Being on the Great Lakes flyway, Tippecanoe County has spring and fall winged visitors. It also has an active bird watching community, many of whom belong to Sycamore Audubon Society (link). In addition to supplies from big box stores, backyard birders have a resource in the locally owned Wild Bird Shoppe (link).
The two thing birders need to know: birds like to eat and they like to be safe while eating. Anywhere that has a source of food and shelter readily available becomes a bird viewing area. The trick becomes finding those sites, hence the creation of viewing areas.
If looking for a specific kind of bird, learn their habits. What do they eat? What kind of shelter do they need?
Judy, at the Wild Bird Shoppe, has a Wildlife Habitat Area (link) behind the shop. The backyard habitat there is a good example of an urban area for a personal viewing.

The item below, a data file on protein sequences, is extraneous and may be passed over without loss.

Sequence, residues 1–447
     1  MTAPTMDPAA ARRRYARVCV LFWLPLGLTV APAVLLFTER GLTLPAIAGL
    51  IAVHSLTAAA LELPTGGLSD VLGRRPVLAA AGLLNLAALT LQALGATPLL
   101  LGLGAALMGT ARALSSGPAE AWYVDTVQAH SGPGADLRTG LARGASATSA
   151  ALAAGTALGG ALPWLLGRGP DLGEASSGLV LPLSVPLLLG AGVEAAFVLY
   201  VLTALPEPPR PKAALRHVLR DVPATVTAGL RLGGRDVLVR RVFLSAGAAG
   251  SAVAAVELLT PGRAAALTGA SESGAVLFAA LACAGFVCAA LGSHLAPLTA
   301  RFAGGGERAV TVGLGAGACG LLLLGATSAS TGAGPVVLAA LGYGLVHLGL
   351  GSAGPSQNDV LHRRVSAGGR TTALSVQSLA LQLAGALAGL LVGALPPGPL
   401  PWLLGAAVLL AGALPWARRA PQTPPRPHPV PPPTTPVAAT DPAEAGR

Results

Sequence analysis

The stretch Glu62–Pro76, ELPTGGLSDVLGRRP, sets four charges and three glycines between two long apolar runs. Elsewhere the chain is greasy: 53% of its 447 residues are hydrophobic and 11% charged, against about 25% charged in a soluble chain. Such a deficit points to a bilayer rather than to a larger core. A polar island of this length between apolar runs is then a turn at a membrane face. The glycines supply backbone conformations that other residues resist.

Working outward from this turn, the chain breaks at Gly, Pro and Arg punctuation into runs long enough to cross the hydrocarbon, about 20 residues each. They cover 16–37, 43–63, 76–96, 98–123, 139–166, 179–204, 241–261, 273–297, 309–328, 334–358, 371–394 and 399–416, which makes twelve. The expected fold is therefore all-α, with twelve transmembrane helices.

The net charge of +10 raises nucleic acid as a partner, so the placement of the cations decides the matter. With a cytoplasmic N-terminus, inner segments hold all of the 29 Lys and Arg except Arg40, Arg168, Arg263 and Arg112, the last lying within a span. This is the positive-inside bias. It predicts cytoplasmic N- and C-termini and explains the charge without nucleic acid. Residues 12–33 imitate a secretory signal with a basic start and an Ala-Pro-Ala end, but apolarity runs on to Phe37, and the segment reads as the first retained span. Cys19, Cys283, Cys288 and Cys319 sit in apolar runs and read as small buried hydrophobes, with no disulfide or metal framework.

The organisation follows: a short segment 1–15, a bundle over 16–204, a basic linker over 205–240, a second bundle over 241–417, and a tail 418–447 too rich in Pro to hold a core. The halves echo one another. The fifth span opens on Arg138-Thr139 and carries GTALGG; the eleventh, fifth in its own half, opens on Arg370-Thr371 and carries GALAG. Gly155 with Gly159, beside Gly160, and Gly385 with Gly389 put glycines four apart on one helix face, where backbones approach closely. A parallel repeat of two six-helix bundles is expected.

Apartment dwellers can be backyard birders as well. Retention ponds in apartment complexes often have geese, ducks and herons as well as the normal “city birds”.
Sycamore Audubon members’ programs and field trips are open to non-members and provide a good resource for beginners.
Bird viewing equipment can be minimal, a comfortable lawn chair, or more complex. A good identification book is essential. All of the local libraries carry such books, check some out and see which one is best for you. Peterson’s Guide, Birds of Indiana, Audubon’s bird book are all good options. Since most birds are wary, a good set of binoculars help. For shutter bugs, a camera with a 10x or higher zoom is a good rule of thumb for the “aim and shoot” camera.
There are a number of areas to view our feathered friends. In the next 4 parts I will list local and some not-so-local sites. I have divided birds into 3 division, woodland, water and prairie and note which kind you may see at that site.
Continued in part 2.